Strategic control systems - Formal target-setting, measurement, and feedback systems
---Establish standards and targets against which performance can be measured
---Create systems for measuring and monitoring performance on a regular basis
---Compare actual performance against the established targets
---Evaluate results and take corrective action if necessary
Business Ethics & why its important
Accepted principles of right or wrong governing the conduct of businesspeople.
Managers may be confronted with ethical dilemmas, which are situations where there is no agreement over what the accepted principles of right and wrong are, or where none of the available alternatives seems ethically acceptable.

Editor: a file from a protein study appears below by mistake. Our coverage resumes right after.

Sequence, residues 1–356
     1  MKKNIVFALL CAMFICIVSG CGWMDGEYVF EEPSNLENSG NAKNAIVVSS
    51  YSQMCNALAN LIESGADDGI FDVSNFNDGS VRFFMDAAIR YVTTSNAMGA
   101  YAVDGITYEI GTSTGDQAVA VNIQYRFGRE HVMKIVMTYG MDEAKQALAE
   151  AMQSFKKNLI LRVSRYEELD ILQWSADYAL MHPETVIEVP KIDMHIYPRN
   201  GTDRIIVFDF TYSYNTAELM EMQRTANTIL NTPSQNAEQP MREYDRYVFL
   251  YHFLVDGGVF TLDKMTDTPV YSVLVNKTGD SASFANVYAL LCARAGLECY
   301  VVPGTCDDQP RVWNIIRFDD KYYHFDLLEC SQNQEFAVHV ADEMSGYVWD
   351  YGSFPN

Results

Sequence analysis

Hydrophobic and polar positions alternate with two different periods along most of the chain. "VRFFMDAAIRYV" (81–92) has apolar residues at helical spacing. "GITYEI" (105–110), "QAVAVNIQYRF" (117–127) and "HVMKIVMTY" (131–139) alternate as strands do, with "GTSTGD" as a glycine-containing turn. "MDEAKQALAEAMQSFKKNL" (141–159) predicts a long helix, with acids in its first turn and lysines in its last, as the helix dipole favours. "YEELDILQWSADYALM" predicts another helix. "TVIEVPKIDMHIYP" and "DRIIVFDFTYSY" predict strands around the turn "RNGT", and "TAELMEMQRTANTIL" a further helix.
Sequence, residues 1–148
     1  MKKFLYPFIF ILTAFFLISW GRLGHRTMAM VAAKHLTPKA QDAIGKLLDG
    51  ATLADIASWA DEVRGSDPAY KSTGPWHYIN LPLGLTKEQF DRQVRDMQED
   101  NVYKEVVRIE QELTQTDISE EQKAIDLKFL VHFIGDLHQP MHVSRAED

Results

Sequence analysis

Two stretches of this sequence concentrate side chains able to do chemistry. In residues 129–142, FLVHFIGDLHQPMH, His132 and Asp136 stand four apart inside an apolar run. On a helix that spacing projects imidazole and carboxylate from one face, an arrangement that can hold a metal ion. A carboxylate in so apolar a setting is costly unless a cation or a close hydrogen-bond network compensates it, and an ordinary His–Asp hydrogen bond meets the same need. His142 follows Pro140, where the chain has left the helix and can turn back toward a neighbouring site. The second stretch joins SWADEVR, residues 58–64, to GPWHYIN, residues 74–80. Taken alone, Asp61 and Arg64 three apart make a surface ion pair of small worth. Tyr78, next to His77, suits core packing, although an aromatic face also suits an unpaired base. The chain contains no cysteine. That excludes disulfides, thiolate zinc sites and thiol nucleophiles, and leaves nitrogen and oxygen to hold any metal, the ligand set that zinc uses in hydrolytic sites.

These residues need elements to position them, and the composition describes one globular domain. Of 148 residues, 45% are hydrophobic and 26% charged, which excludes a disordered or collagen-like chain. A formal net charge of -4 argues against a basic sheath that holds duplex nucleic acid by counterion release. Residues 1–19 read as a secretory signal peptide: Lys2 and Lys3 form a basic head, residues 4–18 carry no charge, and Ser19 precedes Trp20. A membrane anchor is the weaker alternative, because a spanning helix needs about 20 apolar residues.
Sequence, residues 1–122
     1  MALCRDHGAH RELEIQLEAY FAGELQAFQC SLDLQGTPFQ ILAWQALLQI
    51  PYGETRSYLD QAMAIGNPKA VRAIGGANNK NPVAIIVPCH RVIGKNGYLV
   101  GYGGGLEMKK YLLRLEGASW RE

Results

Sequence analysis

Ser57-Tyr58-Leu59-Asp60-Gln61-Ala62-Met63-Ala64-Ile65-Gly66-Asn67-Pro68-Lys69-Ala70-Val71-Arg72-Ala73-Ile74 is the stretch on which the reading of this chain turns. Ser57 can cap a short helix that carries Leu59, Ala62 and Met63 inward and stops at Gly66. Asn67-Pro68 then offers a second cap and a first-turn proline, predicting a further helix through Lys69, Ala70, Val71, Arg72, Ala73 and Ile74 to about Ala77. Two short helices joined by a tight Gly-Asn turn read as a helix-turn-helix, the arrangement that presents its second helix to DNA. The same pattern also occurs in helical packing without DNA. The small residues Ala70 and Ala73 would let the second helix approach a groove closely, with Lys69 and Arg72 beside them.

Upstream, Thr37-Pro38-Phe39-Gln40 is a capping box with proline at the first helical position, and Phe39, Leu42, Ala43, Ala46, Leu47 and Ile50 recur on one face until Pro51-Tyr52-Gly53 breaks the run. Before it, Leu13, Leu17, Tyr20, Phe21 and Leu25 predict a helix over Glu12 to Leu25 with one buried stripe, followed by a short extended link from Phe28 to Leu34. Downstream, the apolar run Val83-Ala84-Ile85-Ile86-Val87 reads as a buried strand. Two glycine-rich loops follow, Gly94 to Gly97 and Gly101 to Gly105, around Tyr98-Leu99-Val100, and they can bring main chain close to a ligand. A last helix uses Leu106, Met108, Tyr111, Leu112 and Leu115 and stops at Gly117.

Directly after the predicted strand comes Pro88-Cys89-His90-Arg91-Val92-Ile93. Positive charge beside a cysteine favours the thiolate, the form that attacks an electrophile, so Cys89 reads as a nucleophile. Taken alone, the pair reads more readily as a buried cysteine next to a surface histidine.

Board of Directors
The board of directors is the centerpiece of the corporate governance system. Board members are directly elected by stockholders, and under corporate law, they represent the stockholders' interests in the company. Hence, the Board can be held legally accountable for the company's actions. Its position at the apex of decision making within the company allows it to monitor corporate strategy decisions and ensure that they are consistent with stockholder interests. In addition, the board has the legal authority to hire, fire, and compensate corporate employees, including, most important, the CEO. The board is also responsible for making sure that audited financial statements of the company present a true picture of its financial situation.